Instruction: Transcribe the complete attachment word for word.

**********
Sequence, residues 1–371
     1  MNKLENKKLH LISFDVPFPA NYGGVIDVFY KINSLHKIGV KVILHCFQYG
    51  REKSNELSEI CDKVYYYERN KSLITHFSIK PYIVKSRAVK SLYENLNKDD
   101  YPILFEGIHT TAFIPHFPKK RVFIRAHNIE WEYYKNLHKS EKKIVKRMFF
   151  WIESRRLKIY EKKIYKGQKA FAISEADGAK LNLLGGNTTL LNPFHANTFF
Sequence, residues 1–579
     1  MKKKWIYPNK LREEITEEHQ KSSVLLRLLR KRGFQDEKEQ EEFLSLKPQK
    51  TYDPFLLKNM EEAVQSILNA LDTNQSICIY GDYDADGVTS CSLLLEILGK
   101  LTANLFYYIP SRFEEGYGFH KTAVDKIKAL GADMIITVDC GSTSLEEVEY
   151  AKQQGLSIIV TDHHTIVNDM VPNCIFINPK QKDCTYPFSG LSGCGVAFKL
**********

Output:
Sequence, residues 1–371
     1  MNKLENKKLH LISFDVPFPA NYGGVIDVFY KINSLHKIGV KVILHCFQYG
    51  REKSNELSEI CDKVYYYERN KSLITHFSIK PYIVKSRAVK SLYENLNKDD
   101  YPILFEGIHT TAFIPHFPKK RVFIRAHNIE WEYYKNLHKS EKKIVKRMFF
   151  WIESRRLKIY EKKIYKGQKA FAISEADGAK LNLLGGNTTL LNPFHANTFF
Sequence, residues 1–579
     1  MKKKWIYPNK LREEITEEHQ KSSVLLRLLR KRGFQDEKEQ EEFLSLKPQK
    51  TYDPFLLKNM EEAVQSILNA LDTNQSICIY GDYDADGVTS CSLLLEILGK
   101  LTANLFYYIP SRFEEGYGFH KTAVDKIKAL GADMIITVDC GSTSLEEVEY
   151  AKQQGLSIIV TDHHTIVNDM VPNCIFINPK QKDCTYPFSG LSGCGVAFKL